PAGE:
Date of this Version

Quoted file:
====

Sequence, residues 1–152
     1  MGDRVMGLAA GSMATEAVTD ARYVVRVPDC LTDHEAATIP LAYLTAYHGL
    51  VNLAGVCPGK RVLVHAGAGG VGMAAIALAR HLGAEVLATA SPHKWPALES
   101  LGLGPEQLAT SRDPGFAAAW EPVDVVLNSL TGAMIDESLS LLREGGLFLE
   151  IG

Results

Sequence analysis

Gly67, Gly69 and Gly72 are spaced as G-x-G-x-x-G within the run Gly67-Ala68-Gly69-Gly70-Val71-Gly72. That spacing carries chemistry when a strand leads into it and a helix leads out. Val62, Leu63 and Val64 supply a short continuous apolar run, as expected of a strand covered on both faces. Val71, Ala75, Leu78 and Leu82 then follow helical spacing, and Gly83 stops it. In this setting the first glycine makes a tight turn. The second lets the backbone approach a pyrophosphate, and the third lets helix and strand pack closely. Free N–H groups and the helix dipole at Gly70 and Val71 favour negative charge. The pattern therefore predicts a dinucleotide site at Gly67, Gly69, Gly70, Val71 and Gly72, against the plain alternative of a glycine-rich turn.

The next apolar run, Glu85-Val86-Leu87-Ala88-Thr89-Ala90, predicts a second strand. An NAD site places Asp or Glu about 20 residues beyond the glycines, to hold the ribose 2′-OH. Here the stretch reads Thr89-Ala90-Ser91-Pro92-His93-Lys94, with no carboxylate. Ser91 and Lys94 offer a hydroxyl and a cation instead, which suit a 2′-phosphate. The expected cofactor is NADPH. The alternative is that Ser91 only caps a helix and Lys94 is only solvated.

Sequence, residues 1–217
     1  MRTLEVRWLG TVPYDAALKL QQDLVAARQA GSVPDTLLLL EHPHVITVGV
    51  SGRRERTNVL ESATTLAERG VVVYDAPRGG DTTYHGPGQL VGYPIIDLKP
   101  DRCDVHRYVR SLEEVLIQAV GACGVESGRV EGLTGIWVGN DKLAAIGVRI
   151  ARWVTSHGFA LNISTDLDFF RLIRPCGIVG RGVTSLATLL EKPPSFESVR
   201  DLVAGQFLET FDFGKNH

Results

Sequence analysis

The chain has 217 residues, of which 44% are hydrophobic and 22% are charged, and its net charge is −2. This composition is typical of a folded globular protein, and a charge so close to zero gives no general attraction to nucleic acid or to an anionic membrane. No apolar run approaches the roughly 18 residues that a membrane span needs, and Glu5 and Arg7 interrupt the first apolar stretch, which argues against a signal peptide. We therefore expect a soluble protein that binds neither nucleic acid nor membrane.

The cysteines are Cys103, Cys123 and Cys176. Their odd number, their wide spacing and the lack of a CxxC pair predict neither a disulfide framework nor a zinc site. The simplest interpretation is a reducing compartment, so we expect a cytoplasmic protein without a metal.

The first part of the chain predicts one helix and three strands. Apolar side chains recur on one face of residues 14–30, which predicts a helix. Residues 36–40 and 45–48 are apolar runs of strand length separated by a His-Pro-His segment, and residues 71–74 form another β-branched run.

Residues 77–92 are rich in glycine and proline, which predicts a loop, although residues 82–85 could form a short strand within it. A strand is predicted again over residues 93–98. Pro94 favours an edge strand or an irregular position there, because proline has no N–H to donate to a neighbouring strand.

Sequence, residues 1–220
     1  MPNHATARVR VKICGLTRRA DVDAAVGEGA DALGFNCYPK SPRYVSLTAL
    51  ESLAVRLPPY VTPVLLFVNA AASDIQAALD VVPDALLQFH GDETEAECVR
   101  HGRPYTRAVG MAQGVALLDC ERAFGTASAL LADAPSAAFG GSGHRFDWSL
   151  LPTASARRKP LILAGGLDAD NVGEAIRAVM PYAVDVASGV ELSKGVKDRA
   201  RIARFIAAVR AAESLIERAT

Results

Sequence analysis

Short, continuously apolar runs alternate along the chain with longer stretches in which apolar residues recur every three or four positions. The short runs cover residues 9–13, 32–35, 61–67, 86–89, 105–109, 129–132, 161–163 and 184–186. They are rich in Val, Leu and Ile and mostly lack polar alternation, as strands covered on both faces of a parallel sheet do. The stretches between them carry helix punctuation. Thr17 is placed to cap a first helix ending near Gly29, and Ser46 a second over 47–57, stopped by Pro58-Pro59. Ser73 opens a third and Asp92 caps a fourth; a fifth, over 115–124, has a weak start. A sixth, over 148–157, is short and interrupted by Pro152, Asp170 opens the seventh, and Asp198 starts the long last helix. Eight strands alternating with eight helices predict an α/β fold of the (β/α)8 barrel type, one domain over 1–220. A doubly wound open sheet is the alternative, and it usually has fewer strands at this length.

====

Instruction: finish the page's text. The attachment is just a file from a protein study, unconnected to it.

The main purpose of the study was to produce an overview of international students’ experiences at the University of Nebraska-Lincoln (UNL) as articulated via their own words. The knowledge drawn from this study served as useful reference information for programs and courses geared toward international students. Given the many challenges facing international students and the great benefits that they bring, this study explored the experiences of international students at UNL. Although there has been a substantial amount of literature about international students, most of the research has been focused on a particular aspect of international students such as advising relationships or mental health issues. The results of the current study contributed to the pool of knowledge about international students at UNL by portraying a holistic picture of the overall experience. The population from which the sample was drawn were enrolled UNL international students in the 2009-2010 academic year who were at least 19 years of age and who had been UNL students for at least one semester and included undergraduate, master’s level, and doctoral students. The sample from which data were collected was based upon a willingness to respond to and complete the study’s survey; thus it was a non-random and self-selected sample. The final sample included 116 respondents. The researcher developed a survey that addressed the various aspects of international students’ college experiences. The survey was a 20-question survey with 15 open-ended components and five questions seeking general demographic information including the participants’ class standing, total years at UNL, gender, country of origin, and major at UNL. The results indicated that most of the participants are generally satisfied with their experiences at UNL. Three main themes emerged: perceptions, challenges and opportunities, and self-involvement. Many participants reported having great experiences with the educational system, professors, and student services. Character-building was reported by many participants as one of the main advantages of studying in the U.S. Participants also commented on major challenges such as language and culture barriers, making friends with domestic students, and feeling homesick.